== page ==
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ON FAITH & MEDIA View Comments

Broken City

By
Adam Shaw
Source: Catholic News Service


Russell Crowe and Mark Wahlberg star in a scene from the movie "Broken City."
Scandal, intrigue and a surfeit of bad language combine to form "Broken City" (Fox). This thriller with political overtones is strictly for those who can withstand actors growling their lines, downing two shots of whiskey in one go and dropping a payload worth of F-bombs.

Seven years after being acquitted in the suspicious shooting of a rapist and murderer, ex-cop Billy Taggart (Mark Wahlberg) is approached by the mayor of New York, Nicolas Hostetler (a sensational Russell Crowe), who wants to make a deal: Hizzoner withheld evidence of Taggart's wrongdoing; now, he wants Taggart to return the favor with some private-eye work.

With the mayoral election looming and feisty new rival Jack Valliant (Barry Pepper) posing a threat to his reign, Hostetler is determined to retain his office by any means necessary. But he fears that his wife, Cathleen (Catherine Zeta-Jones), is two-timing him. So, for $50,000, the former officer is dispatched to follow, find, and film the illicit couple.

Predictably, things are not what they seem in director Allen Hughes' picture, and the grizzled Taggart quickly finds himself caught in a web of intrigue and blackmail. He has other troubles as well, namely, his struggle with alcoholism and his complicated, frequently strained relationship with girlfriend—and wannabe actress—Natalie (Natalie Martinez).

Moviegoers of faith will be pleased by Taggart's commitment to justice, despite the sometimes murky means by which he seeks to achieve it. Laudably, Brian Tucker's screenplay shows the true costs and consequences of corruption. And, while it encourages viewers to understand Taggart's morally dubious choices, his script doesn't prompt them to approve.

Yet the evident desire to turn out a gritty movie sends things off track, with scenes of heavy drinking interspersed with locker-room vulgarities.

Although at least one scene implies that Taggart and Natalie are living together, he is at least shown to be a believer in marital fidelity. In fact, when he reproaches the mayor's wife with her breach of trust, she tauntingly responds, "Are you stupid or Catholic?"

The film contains occasional graphic violence, possible cohabitation, fleeting but strong sexual imagery, brief upper female nudity, mature themes, including adultery and homosexuality, about half-a-dozen uses of profanity, pervasive rough language, occasional crude and crass terms and a couple of anti-gay slurs. The Catholic News Service classification is L—limited adult audience, films whose problematic content many adults would find troubling. The Motion Picture Association of America rating is R—restricted. Under 17 requires accompanying parent or adult guardian.

*****
Adam Shaw is a guest reviewer for Catholic News Service.





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Philip Neri: Philip Neri was a sign of contradiction, combining popularity with piety against the background of a corrupt Rome and a disinterested clergy, the whole post-Renaissance malaise.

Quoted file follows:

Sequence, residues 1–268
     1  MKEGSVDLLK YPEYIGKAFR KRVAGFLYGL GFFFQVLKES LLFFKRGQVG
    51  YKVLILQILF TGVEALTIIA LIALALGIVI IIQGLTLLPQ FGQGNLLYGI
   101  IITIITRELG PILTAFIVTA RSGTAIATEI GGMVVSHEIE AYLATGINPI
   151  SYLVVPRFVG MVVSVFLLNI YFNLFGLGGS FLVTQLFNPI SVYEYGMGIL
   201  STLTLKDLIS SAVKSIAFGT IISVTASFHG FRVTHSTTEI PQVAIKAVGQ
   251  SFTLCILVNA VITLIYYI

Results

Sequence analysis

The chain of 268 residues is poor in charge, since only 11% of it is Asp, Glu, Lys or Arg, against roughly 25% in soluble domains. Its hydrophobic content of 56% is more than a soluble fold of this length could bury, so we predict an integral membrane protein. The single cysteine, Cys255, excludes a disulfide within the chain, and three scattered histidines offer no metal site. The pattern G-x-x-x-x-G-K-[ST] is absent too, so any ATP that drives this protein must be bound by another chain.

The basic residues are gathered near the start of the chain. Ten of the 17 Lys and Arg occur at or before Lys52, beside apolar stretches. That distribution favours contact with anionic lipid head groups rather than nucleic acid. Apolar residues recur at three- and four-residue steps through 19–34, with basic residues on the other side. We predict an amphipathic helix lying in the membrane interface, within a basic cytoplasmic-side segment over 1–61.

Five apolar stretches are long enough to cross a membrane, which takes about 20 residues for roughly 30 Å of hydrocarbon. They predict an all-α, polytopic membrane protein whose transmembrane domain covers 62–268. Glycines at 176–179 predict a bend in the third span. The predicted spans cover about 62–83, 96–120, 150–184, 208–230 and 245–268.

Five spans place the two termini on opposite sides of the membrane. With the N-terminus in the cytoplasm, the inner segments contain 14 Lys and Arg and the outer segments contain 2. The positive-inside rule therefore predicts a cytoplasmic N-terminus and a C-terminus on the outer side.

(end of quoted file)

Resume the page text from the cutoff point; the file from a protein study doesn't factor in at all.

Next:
<p>At an early age, he abandoned the chance to become a businessman, moved to Rome from Florence and devoted his life and individuality to God. After three years of philosophy and theology studies, he gave up any thought of ordination. The next 13 years were spent in a vocation unusual at the time—that of a layperson actively engaged in prayer and the apostolate. </p><p>As the Council of Trent (1545-63) was reforming the Church on a doctrinal level, Philip’s appealing personality was winning him friends from all levels of society, from beggars to cardinals. He rapidly gathered around himself a group of laypersons won over by his audacious spirituality. Initially they met as an informal prayer and discussion group, and also served poor people in Rome. </p><p>At the urging of his confessor, he was ordained a priest and soon became an outstanding confessor, gifted with the knack of piercing the pretenses and illusions of others, though always in a charitable manner and often with a joke. He arranged talks, discussions and prayers for his penitents in a room above the church. He sometimes led “excursions” to other churches, often with music and a picnic on the way. </p><p>Some of his followers became priests and lived together in community. This was the beginning of the Oratory, the religious institute he founded. A feature of their life was a daily afternoon service of four informal talks, with vernacular hymns and prayers. Giovanni Palestrina was one of Philip’s followers, and composed music for the services. </p><p>The Oratory was finally approved after suffering through a period of accusations of being an assembly of heretics, where laypersons preached and sang vernacular hymns! (Cardinal Newman founded the first English-speaking house of the Oratory three centuries later.) </p><p>Philip’s advice was sought by many of the prominent figures of his day. He is one of the influential figures of the Counter-Reformation, mainly for converting to personal holiness many of the influential people within the Church itself. His characteristic virtues were humility and gaiety.</p> American Catholic Blog We need do no more than we are doing at present; that is, to love divine Providence and abandon ourselves in his arms and heart.<br />—St. Padre Pio

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